The Potter's Meal The Potter's Meal: A Film About Joseph Bennion

Director: Steve Olpin, 1992.
Length: 27 minutes.
Format: VHS.
Purchase: Postpaid US $29.
Available from: Horseshoe Mountain Pottery, PO Box 186, Spring City, UT 84662.

The Potter's Meal is a film by our friend Steve Olpin that looks at a potter's life, work and philosophy. This is not a how to film though it features a fair amount of footage of Joe at the wheel and in the shop. Made in 1992 the piece features the whole Bennion family. It was featured in the 1993 Sundance Film Festival, received the Crystal Heart Award at the Heartland Film Festival in Indianapolis and won a handful of awards at statewide and regional film festivals. This is a quality film that appeals to potters and non-potters alike. University classes in humanities, education, art, writing and psychology regularly use this interesting and insightful film in their curriculum.


    Potting is the closest thing I have to full time employment, but the biggest part of my energy and work goes into the household. - Joseph Bennion

    "This video takes the viewer for a close look into the life and work of Utah potter Joseph Bennion. The above quote comes early in the action, and we discover its truth as the camera follows him through his everyday activities. Potting, gardening, cooking, biking, parenting - each is shown as Bennion explains his thoughts on his work, his life, his theology. This is really a film about integration - putting all the elements of one's life together into a seamless fabric. It shows that the everyday rituals in which we engage can make important statements about who we are and what we are trying to do.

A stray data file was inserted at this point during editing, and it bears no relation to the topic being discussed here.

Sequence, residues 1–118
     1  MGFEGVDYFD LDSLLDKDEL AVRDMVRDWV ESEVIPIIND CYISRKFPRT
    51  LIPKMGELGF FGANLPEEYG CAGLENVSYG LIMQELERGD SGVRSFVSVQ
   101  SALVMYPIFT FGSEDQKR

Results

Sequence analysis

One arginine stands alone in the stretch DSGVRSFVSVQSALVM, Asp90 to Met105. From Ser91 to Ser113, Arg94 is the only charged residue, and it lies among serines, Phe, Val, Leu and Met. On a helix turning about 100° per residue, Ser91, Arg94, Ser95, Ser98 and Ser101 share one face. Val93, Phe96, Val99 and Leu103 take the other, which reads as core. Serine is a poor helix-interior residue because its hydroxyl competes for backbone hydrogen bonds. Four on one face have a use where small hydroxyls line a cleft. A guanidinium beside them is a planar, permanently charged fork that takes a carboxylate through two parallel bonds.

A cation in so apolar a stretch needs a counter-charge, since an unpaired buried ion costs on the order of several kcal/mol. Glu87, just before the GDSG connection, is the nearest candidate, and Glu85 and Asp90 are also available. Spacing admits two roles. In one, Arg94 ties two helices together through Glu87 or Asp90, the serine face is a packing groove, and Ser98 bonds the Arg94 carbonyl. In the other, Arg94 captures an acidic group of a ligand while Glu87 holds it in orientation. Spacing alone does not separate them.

Featuring the entire Bennion family, original music by friends Tom and Gael Schultz, and the skills of filmmaker Steve Olpin, this video is a very tasty treat indeed. I showed it to non-potting friends of mine, and they were entranced."

    Richard Aerni
    Studio Potter Network Newsletter

    "As another potter the thing that intrigued me about this film was that it captured (his) involvement with the act of making, the gesture and rhythm as a major affirmation of life and should serve as an example for many of our young aspiring crafts people."

    Warren MacKenzie

    "When is this guy going to grow up?"

    Anonymous college student in Pennsylvania

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